Analytics, EU – Baltic States, Latvia, Legislation, Medicine

International Internet Magazine. Baltic States news & analytics Friday, 18.09.2020, 16:49

Restrictions for pharmacies facilitate monopolies in Latvia and dramatically limit consumer rights

BC, Riga, 12.12.2019.Print version
The IMPACT 2040 organisation has analysed the situation in Latvia after several local residents filed complaints before health care institutions and various organisations, concluding that the pharmacy monopoly in the Riga neighborhood and elsewhere in Latvia is possible because of loopholes in Latvian laws. We have found that in other EU member states such as Lithuania, Cyprus, Sweden, Bulgaria and elsewhere, such a situation that cripples competition is not permitted.

Some time ago, the IMPACT 2040 NGO conducted a survey to learn about the views of patient organisations.  The organisation asked government institutions to deal with problems in the system.  During the past year, alas, government institutions have failed to offer any explanation as to the Latvian laws which set out territorial limitations in terms of the placement of pharmacies.  It is no surprise that this problem is not going to disappear on its own or that it has become more distinct during the past year.  Perhaps other problems in the world of medicine have been more loudly discussed and heard, but this problem is also acute and requires urgent solutions, because it directly impacts the ability of local residents to afford medications that they need.  This was clearly seen in a Latvian Competition Council (KP) report on November 25, 2019, to say that Latvia has the least favorable medication pricing mechanism among all EU member states.  We believe that the KP must be objective in terms of not ignoring the fact that the market in Latvia is dominated by a single dominant pharmacy network. 

 

The sad fact that this is due to Latvia's laws, which make medications more expensive and also create a situation in which it is all but impossible for any new players to enter the market. 

 

We believe that the placement of pharmacies in Latvia shows that a single network has successfully made use of the rule that says that there must be at least 500 meters between one pharmacy and the next one.  We understand that the network is not really to blame, because after all, the law is what it is.  The bottom line, however, is that the government has purposefully or accidentally established a situation in which the government accepts a system in which the interests of a single pharmacy network are being lobbied.  This means a hypocritical situation in the retail sector because pharmacy networks are part of that sector, and this has everything to do with competition.  Latvia and other EU member states make sure that the market for grocery stores is not dominated by a single player so as to protect shoppers against excessive food prices.  Clearly, if another store is opened nearby, that allows shoppers to choose the best and most affordable products.

 

In trying to regulate the pharmacy business, the state has, to a certain extent, shot itself in the foot.  The pharmacy licensing system that is dictated by law and the limitation on the number of pharmacies that is based on the 500-meter limitation on new pharmacies cripple competition and severely limit consumer choice.  Medication prices in Latvia are higher than in Western Europe, where the standard of living, we must note, is far higher than that which exists in this country.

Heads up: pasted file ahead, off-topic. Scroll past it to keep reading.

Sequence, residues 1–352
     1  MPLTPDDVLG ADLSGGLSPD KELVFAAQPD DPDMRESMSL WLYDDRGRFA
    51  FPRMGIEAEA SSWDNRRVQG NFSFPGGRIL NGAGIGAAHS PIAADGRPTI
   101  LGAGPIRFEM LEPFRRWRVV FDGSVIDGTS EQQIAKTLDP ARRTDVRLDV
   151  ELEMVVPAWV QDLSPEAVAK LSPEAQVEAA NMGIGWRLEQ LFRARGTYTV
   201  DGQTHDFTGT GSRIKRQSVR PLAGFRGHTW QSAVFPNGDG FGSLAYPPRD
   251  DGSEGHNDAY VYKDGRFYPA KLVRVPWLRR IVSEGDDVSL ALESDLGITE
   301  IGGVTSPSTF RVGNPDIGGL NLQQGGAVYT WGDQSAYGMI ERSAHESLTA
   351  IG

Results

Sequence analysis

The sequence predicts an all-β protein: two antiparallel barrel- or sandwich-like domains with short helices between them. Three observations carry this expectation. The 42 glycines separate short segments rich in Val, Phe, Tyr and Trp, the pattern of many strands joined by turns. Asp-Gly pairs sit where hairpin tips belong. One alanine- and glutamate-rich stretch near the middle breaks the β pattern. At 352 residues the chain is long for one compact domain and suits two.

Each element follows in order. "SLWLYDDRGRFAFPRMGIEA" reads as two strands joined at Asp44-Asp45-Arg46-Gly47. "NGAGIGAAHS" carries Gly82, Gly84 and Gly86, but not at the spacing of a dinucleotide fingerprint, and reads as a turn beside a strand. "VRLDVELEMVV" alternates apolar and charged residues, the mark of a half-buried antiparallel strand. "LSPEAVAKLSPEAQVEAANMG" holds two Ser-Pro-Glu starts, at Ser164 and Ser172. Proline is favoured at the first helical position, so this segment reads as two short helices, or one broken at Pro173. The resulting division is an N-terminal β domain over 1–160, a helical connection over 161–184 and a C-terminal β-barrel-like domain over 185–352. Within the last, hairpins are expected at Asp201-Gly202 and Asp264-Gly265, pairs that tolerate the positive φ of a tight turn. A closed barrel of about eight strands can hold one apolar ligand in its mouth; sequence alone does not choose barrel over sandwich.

IMPACT 2040 is currently examining the situation in other EU member states when it comes to the placement of pharmacies, the aim being to see how the availability of medications for patients is regulated elsewhere in Europe.  One organisation which we have surveyed is the Swedish Association of Pharmacies, and the bottom line here is that the Swedes (whose lifestyle and understanding of policies have been seen in Latvia as an example to follow) are several steps ahead of us.  "There are no geographic or territorial limitations on the placement of pharmacies in Sweden," says the association's director, Johan Waller.  "Business freedom has created many new pharmacies, and that has increased the availability of  pharmaceutical services throughout the country.  Sometimes this has created excessive concentration, and some pharmacies have had to close.  That is not a problem, however, because at the end of the day, it is up to clients to choose the pharmacy that they wish to visit.  If pharmacies compete, it is only logical that only those which best satisfy client needs will remain in the market.  Competition among pharmacies has also reduced the price of over-the-counter drugs and, in general terms, expanded the availability of medications."

 

Perhaps Latvia really should see Sweden's more liberal approach as an example so as to make already difficult lives for patients easier.  The current approach is reminiscent of the one that existed in Soviet times, when only one player really was allowed to dominate in the market.  Thousands of patients are waiting for the new leadership at the Ministry of Health to address this issue so that people can choose cheaper medications in their nearby neighborhoods.

 

IMPACT 2040 is calling for an urgent and in-depth audit of this situation in Latvia to understand whether it serves the interests of a narrow group at the sacrifice of the interests of patients throughout the country.

 






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